Are Lay Catholics Less “Catholic” than Church Leaders?

From today’s Washington Post about Maryland’s movement to recognize the right of same-sex couples to marry:  “But the presence of three Catholics at the helm in Annapolis hasn’t stopped a same-sex marriage bill from wending its way through the legislature, triggering deep disappointment among church leaders as it suggests a waning of Catholic influence in this heavily Catholic state,” (emphasis added).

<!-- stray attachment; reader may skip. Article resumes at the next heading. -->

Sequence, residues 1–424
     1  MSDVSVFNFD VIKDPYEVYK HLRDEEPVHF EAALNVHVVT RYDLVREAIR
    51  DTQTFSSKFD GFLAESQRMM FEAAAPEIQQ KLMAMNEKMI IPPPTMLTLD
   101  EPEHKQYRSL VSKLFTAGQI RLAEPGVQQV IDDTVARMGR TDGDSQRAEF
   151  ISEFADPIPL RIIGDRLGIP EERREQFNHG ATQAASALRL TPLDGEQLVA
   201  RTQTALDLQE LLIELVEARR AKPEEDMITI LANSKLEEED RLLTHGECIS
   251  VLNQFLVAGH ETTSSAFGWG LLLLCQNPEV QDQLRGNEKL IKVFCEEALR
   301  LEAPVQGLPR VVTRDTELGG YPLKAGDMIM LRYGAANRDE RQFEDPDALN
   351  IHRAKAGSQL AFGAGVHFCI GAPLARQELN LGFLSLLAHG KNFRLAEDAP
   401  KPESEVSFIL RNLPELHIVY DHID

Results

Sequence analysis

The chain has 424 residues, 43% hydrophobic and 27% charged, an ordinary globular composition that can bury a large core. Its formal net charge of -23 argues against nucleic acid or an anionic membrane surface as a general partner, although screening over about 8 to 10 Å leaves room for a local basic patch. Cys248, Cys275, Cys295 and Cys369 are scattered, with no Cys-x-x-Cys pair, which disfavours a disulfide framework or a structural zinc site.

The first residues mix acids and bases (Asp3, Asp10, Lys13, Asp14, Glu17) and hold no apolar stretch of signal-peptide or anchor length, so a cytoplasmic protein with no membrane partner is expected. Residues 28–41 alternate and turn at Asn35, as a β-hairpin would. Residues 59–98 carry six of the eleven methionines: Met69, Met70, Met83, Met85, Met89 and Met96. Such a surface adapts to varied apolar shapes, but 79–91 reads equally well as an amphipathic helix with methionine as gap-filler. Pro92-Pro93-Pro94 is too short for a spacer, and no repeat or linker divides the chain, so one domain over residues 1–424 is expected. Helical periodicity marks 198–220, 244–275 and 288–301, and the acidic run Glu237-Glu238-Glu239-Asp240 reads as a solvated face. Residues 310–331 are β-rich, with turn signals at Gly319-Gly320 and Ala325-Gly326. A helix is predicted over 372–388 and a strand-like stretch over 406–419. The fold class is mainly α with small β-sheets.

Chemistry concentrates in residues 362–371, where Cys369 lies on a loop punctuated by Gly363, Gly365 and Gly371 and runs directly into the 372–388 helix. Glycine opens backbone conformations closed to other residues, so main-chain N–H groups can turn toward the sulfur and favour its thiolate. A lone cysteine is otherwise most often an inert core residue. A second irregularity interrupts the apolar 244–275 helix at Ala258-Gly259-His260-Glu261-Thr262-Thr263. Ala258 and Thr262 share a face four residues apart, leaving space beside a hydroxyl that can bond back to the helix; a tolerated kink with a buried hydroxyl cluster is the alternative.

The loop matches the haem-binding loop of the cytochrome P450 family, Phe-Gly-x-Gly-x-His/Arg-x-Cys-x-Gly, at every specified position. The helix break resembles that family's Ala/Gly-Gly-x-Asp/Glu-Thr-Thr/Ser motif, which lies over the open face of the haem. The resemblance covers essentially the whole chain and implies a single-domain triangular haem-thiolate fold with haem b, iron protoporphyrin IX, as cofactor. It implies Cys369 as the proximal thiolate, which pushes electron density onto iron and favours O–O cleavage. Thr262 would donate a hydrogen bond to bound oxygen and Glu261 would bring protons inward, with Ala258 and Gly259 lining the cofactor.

Some see the role of Catholic politicians in advancing Maryland’s soon-to-be enacted (hopefully!) legislation recognizing same-sex marriage as indicative of decreased “Catholic influence.” Such a conclusion would be justified if only bishops and other “official” Church leaders were seen as the bearers of that influence.  But Catholics know that the Church is more than the pope, more than bishops, more than those who hold a particular office or position. The Church is — as the Second Vatican Council taught so clearly — the People of God. From this perspective, the roles played by Catholic leaders in advancing the rights of God’s gay and lesbian children — especially when the positions those leaders take are rooted in Catholic ideas on human dignity and justice — can be seen not as a diminution but rather an expansion of influence of true Catholicism in the public square.

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